My dear sisters and brothers in Christ,
Christmas, the Feast of the Nativity, is upon us once again. Celebrating this central feast of Christian faith and life enables us to draw ongoing strength, hope and joy from the mystery of the birth of God in human history.
In the cradle of the manger, the Christ-child drew to himself and experienced the warmth of human love. Love, the love that puts the other first, gives meaning to life. Each of us, created in the image of God, similarly find warmth and meaning in the expression of human love. Self-less acts of charity and reaching out to others with care and attention reveal our own dignity and the nobility of those we love and care for. Self-less acts of human love bring hope and joy to our world. They have the potential to transform lives and human relationships. The Christmas mystery stimulates us to contemplate and make concrete that alternative, radically new and self-less love of God for humanity revealed in the birth of Christ.
The infant child in the manger was vulnerable, surrounded by the relentless threat of conflict and born into conditions of poverty and personal and family insecurity. This Christmas the constant threat of war and conflict stalks our world. Our prayers remain with the people of Ukraine, the Middle East, with those experiencing political insecurity and those threatened with sectarian violence. Economic hardship, unemployment and the rising cost of living, fueled by global and local instability, generate a poverty of circumstance in our own time. On the part of many, they also increase anxiety for the future and for the life possibilities of our young people. Responsible leadership, constructive dialogue and effective stewardship in the service of others are the only sure foundations for the way forward.
The infant-child brought others together in contemplation. The ‘Synodal Pathway’ in Ireland and across the world, initiated by Pope Francis, is a response in our time, a time of profound change, to the promptings of the Holy Spirit. Like Mary and Joseph, the Church, that is all who believe in Christ, are now called to humbly discover new ways to contemplate and embrace the mystery of God. Synodal dialogue, respectfully listening to the faith experiences of others, can assist us all in exploring ways to recognise God’s presence in the world and to nurture the seedlings of faith in Christ.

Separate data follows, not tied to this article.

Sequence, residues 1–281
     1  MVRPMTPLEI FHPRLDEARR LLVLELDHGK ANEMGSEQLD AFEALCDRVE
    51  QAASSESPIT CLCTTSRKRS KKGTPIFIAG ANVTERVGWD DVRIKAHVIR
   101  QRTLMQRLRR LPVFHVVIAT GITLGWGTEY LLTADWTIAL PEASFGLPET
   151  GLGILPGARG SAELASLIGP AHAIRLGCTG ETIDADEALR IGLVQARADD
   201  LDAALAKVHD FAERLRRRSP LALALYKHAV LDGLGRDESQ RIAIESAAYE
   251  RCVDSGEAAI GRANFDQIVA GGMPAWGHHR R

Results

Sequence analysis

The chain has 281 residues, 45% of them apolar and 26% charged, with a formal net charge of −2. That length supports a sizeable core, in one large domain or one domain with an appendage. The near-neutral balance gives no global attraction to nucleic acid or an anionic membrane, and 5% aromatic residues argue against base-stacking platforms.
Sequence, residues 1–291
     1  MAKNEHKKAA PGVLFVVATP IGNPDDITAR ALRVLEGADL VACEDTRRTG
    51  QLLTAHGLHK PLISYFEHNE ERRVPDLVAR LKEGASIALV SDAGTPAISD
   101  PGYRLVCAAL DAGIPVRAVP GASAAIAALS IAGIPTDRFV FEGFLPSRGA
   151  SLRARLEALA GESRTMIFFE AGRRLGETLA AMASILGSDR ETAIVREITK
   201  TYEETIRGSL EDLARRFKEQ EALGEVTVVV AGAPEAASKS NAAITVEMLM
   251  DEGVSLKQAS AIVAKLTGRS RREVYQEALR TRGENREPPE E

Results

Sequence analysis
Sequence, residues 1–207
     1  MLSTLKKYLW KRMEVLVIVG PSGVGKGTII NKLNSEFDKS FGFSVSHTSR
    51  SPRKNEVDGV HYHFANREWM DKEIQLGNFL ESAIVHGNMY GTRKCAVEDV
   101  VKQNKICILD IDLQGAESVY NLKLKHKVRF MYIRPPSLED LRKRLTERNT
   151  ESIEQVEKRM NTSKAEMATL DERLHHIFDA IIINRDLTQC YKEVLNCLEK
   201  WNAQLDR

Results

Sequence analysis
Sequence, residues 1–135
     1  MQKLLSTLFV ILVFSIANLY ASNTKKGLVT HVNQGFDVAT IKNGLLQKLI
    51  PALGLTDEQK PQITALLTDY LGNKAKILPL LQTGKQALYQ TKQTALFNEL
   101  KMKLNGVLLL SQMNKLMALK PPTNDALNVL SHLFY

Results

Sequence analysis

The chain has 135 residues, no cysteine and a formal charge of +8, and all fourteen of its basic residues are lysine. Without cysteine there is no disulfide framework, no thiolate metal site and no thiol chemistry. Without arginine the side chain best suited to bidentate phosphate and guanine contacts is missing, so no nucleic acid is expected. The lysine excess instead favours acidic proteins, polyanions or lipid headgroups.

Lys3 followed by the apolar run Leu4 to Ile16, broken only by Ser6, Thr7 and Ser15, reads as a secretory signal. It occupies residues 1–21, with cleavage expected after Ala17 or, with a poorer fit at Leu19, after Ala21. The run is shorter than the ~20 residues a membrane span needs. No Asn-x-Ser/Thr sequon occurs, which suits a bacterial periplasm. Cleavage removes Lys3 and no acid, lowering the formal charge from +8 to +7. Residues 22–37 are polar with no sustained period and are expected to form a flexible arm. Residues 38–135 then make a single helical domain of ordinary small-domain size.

In the historical unfolding of the Nativity, many individuals played a role: Mary, Joseph, the Shepherds and the Magi from the East. This same dynamic is evident in the life of our and each local Church. In a time of challenge and renewal, this Diocese has initiated a collaborative process called ‘Pathways to the Future’ to help discern in the decades ahead new ways to meet the pastoral and sacramental needs of parishioners. Building upon the inspirational work of volunteers across the diocese, this initiative will entail parishioners playing a more active role in the ministry, leadership, and management of our parishes. This will require our parishes to collaborate, share resources, come together as families and communities in worship and faith. Moving into the New Year, the Pathway Team will embark on a process of synodal listening and engagement within parishes to develop this vision for the future of the diocese and make it a reality.
As I celebrate this Christmas with you in Down and Connor, I prepare to take leave from the diocese that I have served for the last 14 years. I appreciate deeply and cherish the welcome and support I have received from you all over that time and I will certainly be sad to leave. I have so many fond memories and have been inspired by your faithful witness. I pray God’s blessing upon you and your families and I assure you of my continued prayers this Christmas and in the years ahead.
May the blessings of the Christmas Season bring hope and joy into your hearts and homes and assure you of God’s love in the New Year 2023.
Apostolic Administrator of Down and Connor